MakerSat, Idaho’s first satellite will be launched by NASA and uses 3D printing to advance scientific discovery. The satellite was made by a team of two professors and four students from Northwest Nazarene University (NNU) who developed the device over two years. The research project will investigate how 3D printed materials behave in the vacuum of space.
Speaking to Idaho local news station, KBOI, NNU student Connor Nogales said, “We’d like to someday 3D print a spacecraft or a structure in space, and this satellite tests ‘how much material do we use?’ and ‘how much does it degrade in space?’” These are both important questions that must be resolved before 3D printing can become an integral part of space exploration.
The launch will be part of the ELaNa (Educational Launch of Nanosatellites) program and is led by NNU professor of electrical engineering Dr. Stephen Parke.
NNU’s MakerSat is based on the CubeSat architecture, a miniaturized satellite composed of 10×10×11.35 cm cubic units.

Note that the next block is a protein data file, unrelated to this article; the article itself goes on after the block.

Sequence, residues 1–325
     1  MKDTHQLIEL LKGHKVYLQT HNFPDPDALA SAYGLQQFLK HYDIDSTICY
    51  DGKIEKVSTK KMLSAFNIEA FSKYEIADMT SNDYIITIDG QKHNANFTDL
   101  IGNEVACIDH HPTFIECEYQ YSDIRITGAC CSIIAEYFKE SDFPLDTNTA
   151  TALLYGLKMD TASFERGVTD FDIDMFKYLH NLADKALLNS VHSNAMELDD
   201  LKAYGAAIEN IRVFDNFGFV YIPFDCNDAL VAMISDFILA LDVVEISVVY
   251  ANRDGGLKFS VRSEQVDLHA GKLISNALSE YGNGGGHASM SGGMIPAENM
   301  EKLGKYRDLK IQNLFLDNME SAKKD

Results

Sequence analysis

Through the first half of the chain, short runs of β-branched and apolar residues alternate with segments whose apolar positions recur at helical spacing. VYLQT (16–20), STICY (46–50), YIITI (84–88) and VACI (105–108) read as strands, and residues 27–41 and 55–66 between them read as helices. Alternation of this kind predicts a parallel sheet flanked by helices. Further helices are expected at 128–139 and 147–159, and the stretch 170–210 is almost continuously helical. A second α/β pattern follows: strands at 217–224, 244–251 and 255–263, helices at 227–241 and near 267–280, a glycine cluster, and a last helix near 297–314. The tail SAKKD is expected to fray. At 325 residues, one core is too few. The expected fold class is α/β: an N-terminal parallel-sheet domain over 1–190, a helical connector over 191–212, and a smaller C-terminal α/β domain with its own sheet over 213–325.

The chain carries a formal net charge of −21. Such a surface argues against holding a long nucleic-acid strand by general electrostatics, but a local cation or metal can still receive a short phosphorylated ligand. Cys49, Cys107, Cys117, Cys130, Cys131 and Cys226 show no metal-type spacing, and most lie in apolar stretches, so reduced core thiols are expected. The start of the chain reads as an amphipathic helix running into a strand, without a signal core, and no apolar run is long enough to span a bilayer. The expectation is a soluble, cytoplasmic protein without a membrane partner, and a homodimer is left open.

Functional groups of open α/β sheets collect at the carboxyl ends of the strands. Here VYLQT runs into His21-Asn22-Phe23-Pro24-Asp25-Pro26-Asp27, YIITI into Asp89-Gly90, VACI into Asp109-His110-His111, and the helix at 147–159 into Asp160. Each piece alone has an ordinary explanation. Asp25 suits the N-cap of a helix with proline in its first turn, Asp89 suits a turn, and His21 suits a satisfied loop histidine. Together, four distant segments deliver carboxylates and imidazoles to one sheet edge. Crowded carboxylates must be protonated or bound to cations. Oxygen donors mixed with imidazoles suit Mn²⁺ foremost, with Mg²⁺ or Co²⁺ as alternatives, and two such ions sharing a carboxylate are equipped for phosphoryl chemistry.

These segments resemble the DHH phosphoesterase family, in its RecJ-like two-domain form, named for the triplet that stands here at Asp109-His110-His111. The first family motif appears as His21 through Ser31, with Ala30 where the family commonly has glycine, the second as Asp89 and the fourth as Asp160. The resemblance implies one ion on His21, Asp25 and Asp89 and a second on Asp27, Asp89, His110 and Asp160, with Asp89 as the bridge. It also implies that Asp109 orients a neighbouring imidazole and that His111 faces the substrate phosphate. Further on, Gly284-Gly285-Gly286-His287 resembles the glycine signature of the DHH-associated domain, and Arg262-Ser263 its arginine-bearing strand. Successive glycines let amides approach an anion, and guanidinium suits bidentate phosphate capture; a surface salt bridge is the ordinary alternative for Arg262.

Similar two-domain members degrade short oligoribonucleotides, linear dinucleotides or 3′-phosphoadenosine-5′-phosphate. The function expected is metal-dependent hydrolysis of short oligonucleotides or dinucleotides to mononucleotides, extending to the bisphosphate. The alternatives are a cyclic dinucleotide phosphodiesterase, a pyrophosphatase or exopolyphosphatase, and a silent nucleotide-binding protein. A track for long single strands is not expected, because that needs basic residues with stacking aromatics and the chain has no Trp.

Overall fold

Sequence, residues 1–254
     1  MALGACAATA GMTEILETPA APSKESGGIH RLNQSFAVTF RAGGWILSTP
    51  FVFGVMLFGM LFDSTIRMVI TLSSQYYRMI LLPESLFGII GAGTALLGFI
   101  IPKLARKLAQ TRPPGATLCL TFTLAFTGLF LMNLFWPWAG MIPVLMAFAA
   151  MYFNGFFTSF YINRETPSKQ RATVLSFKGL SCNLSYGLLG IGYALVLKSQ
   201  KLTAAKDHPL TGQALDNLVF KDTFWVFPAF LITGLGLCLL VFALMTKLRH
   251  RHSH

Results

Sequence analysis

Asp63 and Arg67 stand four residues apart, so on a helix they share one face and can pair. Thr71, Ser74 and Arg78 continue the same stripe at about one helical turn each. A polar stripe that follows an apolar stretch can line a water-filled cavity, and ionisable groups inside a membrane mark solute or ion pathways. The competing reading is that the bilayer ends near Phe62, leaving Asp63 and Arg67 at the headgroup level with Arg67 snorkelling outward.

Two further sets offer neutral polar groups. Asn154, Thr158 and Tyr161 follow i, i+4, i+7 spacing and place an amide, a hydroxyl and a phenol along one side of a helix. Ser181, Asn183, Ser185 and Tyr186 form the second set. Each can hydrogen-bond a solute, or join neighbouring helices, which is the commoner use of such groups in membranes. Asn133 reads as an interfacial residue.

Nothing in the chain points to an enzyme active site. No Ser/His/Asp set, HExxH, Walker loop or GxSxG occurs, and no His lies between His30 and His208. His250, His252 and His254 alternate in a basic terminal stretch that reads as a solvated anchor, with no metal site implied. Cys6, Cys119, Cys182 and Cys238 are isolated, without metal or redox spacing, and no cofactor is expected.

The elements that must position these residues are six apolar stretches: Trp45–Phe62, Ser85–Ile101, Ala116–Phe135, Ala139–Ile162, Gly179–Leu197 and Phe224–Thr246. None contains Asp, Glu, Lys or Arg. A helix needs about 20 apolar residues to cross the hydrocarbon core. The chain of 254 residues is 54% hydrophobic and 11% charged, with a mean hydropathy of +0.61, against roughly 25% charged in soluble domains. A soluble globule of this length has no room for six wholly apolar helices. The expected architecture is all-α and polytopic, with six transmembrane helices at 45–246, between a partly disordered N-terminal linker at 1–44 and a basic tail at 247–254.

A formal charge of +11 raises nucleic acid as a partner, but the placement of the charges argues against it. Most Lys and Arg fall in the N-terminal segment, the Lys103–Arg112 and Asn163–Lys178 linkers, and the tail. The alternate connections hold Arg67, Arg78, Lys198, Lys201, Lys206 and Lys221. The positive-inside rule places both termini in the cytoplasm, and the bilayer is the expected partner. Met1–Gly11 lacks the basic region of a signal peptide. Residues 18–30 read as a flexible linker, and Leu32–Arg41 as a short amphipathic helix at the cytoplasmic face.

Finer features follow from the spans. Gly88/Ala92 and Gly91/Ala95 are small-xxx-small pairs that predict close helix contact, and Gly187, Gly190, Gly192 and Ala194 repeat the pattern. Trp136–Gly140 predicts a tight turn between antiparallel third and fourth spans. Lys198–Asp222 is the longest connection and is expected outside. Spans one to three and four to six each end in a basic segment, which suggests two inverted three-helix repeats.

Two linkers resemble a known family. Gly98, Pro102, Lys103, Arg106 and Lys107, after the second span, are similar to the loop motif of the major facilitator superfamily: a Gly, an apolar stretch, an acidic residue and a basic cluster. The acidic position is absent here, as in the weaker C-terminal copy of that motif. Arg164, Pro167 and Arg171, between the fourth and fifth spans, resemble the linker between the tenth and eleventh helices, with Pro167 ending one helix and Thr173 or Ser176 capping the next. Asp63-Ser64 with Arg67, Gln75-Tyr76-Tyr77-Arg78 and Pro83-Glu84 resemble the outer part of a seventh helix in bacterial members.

The main objective of MakerSat is to chart a pilot course towards 3D printing at a much larger scale in space. The project will test 3D printing materials ABS, ULTEM and Nylon for mass degradation and take pictures of Earth while in orbit. Similar experiments using 3D printing in space include the Spider Fab proposal and 3D printing is increasingly in use for satellite projects, as previously reported by 3DPI.
Once in orbit, MakerSat will travel around the Earth at speeds in excess of 17,000 mph for the next ten years. “Every 100 minutes it will complete one path around the Earth,” said Braden Grim, an NNU student and team member.
If the project is successful the team will move onto MakerSat 1. This second satellite will be assembled on the International Space Station (ISS) from a 3D printed frame, fabricated in situ at ISS’s Additive Manufacturing Facility (AMF).
More about the project can be found here.
Featured image via Sinclair Broadcasting Group.